Degenerately doped semiconductor nanocrystals (NCs) are of recent interest to the NC community due to their tunable localized surface plasmon resonances (LSPRs) in the near infrared (NIR). The high level of doping in such materials with carrier densities in the range of 10^21 cm^-3 3leads to degeneracy of the doping levels and intense plasmonic absorption in the NIR. The lower carrier density in degenerately doped semiconductor NCs compared to noble metals enables LSPR tuning over a wide spectral range, since even a minor change of the carrier density strongly affects the spectral position of the LSPR. Two classes of degenerate semiconductors are most relevant in this respect: impurity doped semiconductors, such as metal oxides, and vacancy doped semiconductors, such as copper chalcogenides. In the latter it is the density of copper vacancies that controls the carrier concentration, while in the former the introduction of impurity atoms adds carriers to the system. LSPR tuning in vacancy doped semiconductor NCs such as copper chalcogenides occurs by chemically controlling the copper vacancy density. This goes in hand with complex structural modifications of the copper chalcogenide crystal lattice. In contrast the LSPR of degenerately doped metal oxide NCs is modified by varying the doping concentration or by the choice of host and dopant atoms, but also through the addition of capacitive charge carriers to the conduction band of the metal oxide upon post-synthetic treatments, such as by electrochemical- or photodoping. The NIR LSPRs and the option of their spectral fine-tuning make accessible important new features, such as the controlled coupling of the LSPR to other physical signatures or the enhancement of optical signals in the NIR, sensing application by LSPR tracking, energy production from the NIR plasmon resonance or bio-medical applications in the biological window. In this review we highlight the recent advances in the synthesis of various different plasmonic semiconductor NCs with LSPRs covering the entire spectral range, from the mid- to the NIR. We focus on copper chalcogenide NCs and impurity doped metal oxide NCs as the most investigated alternatives to noble metals. We shed light on the structural changes upon LSPR tuning in vacancy doped copper chalcogenide NCs and deliver a picture for the fundamentally different mechanism of LSPR modification of impurity doped metal oxide NCs. We review on the peculiar optical properties of plasmonic degenerately doped NCs by highlighting the variety of different optical measurements and optical modeling approaches. These findings are merged in an exhaustive section on new and exciting applications based on the special characteristics that plasmonic semiconductor NCs bring along.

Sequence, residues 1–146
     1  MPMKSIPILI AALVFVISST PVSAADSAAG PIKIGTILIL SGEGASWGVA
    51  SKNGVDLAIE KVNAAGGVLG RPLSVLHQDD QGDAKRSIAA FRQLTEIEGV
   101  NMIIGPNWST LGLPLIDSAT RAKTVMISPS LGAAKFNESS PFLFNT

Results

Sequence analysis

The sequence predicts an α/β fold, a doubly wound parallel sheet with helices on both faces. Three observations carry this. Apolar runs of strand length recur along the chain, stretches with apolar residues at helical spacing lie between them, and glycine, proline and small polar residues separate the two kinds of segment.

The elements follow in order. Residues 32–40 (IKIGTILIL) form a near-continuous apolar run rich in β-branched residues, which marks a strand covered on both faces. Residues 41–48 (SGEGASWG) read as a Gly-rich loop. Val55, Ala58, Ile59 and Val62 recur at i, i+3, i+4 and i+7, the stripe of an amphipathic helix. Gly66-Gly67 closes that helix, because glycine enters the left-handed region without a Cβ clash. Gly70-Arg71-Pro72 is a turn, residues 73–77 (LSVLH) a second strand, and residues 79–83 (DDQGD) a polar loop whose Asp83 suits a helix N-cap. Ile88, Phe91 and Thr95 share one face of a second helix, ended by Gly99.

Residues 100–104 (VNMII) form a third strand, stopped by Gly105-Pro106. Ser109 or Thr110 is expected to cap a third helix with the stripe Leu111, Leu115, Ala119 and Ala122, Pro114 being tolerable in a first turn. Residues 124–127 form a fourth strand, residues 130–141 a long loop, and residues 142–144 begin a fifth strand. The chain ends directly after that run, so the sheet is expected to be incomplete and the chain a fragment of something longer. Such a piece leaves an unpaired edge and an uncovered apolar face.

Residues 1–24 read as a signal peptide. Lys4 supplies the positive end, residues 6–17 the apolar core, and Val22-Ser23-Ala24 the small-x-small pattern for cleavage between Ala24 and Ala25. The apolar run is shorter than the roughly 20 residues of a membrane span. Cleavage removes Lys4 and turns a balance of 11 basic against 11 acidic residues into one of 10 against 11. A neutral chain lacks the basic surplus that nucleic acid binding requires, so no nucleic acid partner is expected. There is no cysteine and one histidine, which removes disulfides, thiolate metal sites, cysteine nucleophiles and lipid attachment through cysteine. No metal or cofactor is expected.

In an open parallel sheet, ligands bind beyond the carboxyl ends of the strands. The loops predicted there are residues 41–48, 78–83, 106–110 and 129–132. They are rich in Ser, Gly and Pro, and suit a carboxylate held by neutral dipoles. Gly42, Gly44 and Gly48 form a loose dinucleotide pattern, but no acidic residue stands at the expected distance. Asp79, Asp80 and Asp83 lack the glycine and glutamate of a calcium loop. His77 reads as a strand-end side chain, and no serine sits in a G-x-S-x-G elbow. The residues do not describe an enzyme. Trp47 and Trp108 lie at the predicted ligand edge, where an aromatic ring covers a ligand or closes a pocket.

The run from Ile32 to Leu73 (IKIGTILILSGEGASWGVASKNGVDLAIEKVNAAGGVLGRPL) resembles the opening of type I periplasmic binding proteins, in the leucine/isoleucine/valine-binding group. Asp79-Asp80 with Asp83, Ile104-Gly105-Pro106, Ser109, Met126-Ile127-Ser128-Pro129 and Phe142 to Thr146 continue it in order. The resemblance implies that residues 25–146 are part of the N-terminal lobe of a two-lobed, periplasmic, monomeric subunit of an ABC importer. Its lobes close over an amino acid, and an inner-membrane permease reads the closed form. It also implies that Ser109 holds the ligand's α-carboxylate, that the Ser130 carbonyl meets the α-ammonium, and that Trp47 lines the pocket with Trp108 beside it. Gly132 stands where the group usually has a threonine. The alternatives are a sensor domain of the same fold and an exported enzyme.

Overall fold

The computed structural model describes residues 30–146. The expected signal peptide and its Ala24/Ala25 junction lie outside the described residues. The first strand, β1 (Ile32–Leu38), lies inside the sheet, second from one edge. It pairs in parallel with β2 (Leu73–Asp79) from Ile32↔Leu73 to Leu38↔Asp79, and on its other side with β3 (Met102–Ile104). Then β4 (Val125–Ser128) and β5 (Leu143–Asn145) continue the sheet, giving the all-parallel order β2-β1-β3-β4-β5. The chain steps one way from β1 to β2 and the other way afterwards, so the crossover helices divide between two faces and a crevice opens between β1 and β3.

File in questo prodotto:
File Dimensione Formato  
Plasmonic Doped Semiconductor Nanocrystals.pdf

accesso aperto

Tipologia: 1. Preprint / submitted version [pre- review]
Licenza: Creative commons
Dimensione 3.29 MB
Formato Adobe PDF
3.29 MB Adobe PDF Visualizza/Apri
1-s2.0-S0370157317300364-main.pdf

non disponibili

Tipologia: 2a Post-print versione editoriale / Version of Record
Licenza: Non Pubblico - Accesso privato/ristretto
Dimensione 9.66 MB
Formato Adobe PDF
9.66 MB Adobe PDF   Visualizza/Apri   Richiedi una copia
Pubblicazioni consigliate

I documenti in IRIS sono protetti da copyright e tutti i diritti sono riservati, salvo diversa indicazione.

Utilizza questo identificativo per citare o creare un link a questo documento: https://hdl.handle.net/11583/2987015